•   
  •   

World Former New York City accountant who admitted aiding al Qaeda to be released from prison early

01:45  28 october  2020
01:45  28 october  2020 Source:   reuters.com

'We won't break the law': Burnham would accept Tier 3 if imposed on Greater Manchester

  'We won't break the law': Burnham would accept Tier 3 if imposed on Greater Manchester Andy Burnham says he will keep to the law and "accept" Tier 3 coronavirus restrictions for Greater Manchester if the government imposes them. The region's mayor told Sky News it was ministers' "prerogative" to announce the measures, if negotiations over the next few hours end in stalemate.He and other local leaders have been given until midday today to reach an agreement on moving three million people into England's highest band of coronavirus controls.

Former New York City accountant who admitted aiding al Qaeda to be released from prison early . Individual retirement accounts and 401(k) plans often impose penalties if you take money out of a retirement account too soon or too late.

Sabirhan Hasanoff, a dual U.S. and Australian citizen, provided financial support to al Qaeda and conducted surveillance of the New York Stock Exchange in 2008, prosecutors said. He also sought to travel overseas to receive military training to fight Americans

By Jonathan Stempel

a man standing on a sidewalk: FILE PHOTO: A USPS mail carrier walks past New York Stock Exchange in New York © Reuters/MIKE SEGAR FILE PHOTO: A USPS mail carrier walks past New York Stock Exchange in New York

NEW YORK (Reuters) - A Manhattan federal judge on Tuesday ordered that a former New York City accountant who admitted to scoping out the New York Stock Exchange for al Qaeda be released early from his 18-year prison sentence.

U.S. District Judge Kimba Wood said Sabirhan Hasanoff, 44, of Brooklyn, had shown "extraordinary and compelling" reasons for being resentenced to time served under a law allowing the early "compassionate release" of some prison inmates.

Wood, who sentenced Hasanoff in 2013, cited evidence he was the only available caregiver for his mother, who is in poor health, and his "striking and unique efforts" to rehabilitate himself since his April 2010 arrest.

Accountant Scott Fleay convicted of stealing millions from wealthy WA chicken farmers

  Accountant Scott Fleay convicted of stealing millions from wealthy WA chicken farmers A Perth accountant is found guilty of stealing millions from a wealthy couple to subsidise his upmarket lifestyle including the purchase of two homes in exclusive Perth suburbs. Scott Francis Fleay, 52, had been on trial for the past week accused of channelling more than $4 million from the bank accounts of Ghassan, known as Gus, and Maria Jabado into his own accounts.It was alleged he then used the money to help buy multi-million dollar properties in Peppermint Grove and Cottesloe.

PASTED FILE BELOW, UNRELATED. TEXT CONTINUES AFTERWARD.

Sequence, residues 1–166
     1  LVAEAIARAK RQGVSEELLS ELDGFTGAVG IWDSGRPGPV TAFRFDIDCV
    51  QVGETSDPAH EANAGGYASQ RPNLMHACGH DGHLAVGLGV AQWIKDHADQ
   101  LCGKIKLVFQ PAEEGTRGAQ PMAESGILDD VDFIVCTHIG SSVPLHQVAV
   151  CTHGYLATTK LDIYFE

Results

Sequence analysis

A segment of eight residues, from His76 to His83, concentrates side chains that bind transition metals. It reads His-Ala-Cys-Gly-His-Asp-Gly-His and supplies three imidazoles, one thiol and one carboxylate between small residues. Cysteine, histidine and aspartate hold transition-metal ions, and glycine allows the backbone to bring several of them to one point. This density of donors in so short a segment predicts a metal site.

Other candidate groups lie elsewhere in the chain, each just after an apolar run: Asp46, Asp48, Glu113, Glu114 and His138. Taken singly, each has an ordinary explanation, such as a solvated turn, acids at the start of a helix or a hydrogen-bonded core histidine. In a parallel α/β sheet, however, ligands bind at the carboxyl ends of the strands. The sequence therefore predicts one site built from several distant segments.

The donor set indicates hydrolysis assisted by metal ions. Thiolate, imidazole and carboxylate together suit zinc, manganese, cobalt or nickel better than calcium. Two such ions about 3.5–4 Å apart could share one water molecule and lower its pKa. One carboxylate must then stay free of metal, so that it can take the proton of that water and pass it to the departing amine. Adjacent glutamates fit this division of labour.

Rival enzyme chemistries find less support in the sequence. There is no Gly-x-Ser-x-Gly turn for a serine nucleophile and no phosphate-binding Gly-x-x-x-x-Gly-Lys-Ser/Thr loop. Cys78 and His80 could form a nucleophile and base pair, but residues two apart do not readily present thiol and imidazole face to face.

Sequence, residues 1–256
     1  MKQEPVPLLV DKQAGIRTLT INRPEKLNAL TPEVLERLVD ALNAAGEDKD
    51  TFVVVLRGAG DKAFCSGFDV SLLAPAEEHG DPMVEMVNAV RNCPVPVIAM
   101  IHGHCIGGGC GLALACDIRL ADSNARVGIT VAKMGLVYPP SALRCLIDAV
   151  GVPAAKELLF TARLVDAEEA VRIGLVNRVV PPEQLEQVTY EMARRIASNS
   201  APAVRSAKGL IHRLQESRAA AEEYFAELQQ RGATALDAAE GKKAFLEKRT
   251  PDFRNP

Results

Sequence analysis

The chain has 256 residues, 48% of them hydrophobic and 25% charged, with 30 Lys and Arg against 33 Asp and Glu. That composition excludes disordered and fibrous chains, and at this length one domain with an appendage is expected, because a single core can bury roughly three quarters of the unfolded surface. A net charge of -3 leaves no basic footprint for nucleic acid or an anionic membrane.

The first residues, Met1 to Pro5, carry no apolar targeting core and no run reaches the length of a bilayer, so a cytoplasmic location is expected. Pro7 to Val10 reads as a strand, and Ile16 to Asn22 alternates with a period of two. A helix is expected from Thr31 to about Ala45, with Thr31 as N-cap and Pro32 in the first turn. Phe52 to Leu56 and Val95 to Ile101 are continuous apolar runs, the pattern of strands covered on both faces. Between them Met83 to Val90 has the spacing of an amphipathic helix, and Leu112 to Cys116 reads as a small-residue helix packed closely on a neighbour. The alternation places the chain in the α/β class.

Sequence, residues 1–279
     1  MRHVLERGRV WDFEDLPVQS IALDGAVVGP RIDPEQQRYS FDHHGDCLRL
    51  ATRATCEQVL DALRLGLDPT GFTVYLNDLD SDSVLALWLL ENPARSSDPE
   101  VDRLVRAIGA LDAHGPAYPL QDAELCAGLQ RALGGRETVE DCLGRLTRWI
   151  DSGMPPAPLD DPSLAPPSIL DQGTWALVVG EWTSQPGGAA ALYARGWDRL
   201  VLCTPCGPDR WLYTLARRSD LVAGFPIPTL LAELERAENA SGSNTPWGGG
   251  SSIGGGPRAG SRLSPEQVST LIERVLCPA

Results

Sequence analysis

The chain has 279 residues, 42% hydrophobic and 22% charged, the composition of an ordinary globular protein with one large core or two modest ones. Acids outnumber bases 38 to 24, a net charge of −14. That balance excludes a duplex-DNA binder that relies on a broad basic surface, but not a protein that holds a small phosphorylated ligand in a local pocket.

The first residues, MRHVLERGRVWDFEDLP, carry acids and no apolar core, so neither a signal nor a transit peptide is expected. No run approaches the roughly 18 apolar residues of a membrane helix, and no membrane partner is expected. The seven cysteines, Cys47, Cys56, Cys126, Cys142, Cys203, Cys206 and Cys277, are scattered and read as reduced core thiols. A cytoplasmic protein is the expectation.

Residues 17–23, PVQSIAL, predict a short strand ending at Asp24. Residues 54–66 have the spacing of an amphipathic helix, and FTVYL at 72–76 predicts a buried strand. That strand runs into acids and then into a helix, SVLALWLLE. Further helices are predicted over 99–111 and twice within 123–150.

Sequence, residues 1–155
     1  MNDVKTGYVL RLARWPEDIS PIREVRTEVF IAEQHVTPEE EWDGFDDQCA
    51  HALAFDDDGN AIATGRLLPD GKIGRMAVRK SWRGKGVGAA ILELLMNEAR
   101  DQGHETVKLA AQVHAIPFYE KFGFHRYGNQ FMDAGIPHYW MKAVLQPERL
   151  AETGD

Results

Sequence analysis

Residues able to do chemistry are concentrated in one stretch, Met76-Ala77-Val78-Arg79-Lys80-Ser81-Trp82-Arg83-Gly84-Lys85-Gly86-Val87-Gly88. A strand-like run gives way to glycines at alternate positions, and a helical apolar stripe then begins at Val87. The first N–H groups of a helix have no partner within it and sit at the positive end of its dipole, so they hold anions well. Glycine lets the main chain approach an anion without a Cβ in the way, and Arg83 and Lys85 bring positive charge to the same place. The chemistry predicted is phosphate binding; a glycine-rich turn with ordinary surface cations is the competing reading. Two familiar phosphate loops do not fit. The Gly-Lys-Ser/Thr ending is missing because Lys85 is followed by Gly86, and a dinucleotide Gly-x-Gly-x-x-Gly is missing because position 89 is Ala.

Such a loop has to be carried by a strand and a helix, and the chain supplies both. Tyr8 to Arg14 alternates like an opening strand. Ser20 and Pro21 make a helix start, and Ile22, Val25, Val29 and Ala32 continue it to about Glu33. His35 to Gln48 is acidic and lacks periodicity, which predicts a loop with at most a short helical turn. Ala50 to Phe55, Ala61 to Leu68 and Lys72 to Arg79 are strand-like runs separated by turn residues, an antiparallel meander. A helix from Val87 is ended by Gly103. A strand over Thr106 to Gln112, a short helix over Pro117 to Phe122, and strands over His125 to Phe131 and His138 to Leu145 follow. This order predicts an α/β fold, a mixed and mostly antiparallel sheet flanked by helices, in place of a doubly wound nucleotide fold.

The September 11 attacks, often referred to as 9/11, were a series of four coordinated terrorist attacks by the Islamist terrorist group Al - Qaeda against the United States on the morning of Tuesday

Now the father of four, who admits travelling to Pakistan but vehemently denies meeting terrorists, is It is possible he was identified by an Al Qaeda supergrass who joined militants at camps on the Last month it emerged convicted terrorist Saajid Muhammad Badat, 33, was released from prison

She said these included working in a chapel at the Otisville, New York, federal prison, teaching classes focused on tolerance and moderation in Islam, and teaching accounting and finance classes.

While Hasanoff's crimes were "extremely serious," Wood wrote that "this is a rare case in which a defendant exceeds the bounds of what we consider rehabilitation."

The office of Acting U.S. Attorney Audrey Strauss in Manhattan, which opposed Hasanoff's release, did not immediately respond to requests for comment.

"This is a just and compassionate result," Hasanoff's lawyer, Joshua Dratel, said in an email.

Prosecutors said Hasanoff supported al Qaeda from 2007 to 2009, including by performing surveillance on the NYSE, and sending remote-control devices that could be used in explosives attacks to operatives abroad.

Hasanoff, a dual U.S. and Australian citizen, had worked at the accounting firms KPMG and PricewaterhouseCoopers.

He pleaded guilty in June 2012 to supporting al Qaeda and conspiring with other people.

A co-defendant, Wesam el-Hanafi, who has serious health problems, recently had his own sentence shortened to time served, Wood said.

The case is USA v. el-Hanafi et al, U.S. District Court, Southern District of New York, 10-cr-00162.

(Reporting by Jonathan Stempel in New York; Additional reporting by Mark Hosenball in Washington, D.C.; Editing by Matthew Lewis)

Clashes in Spain over virus restrictions for second night .
 

usr: 0
This is interesting!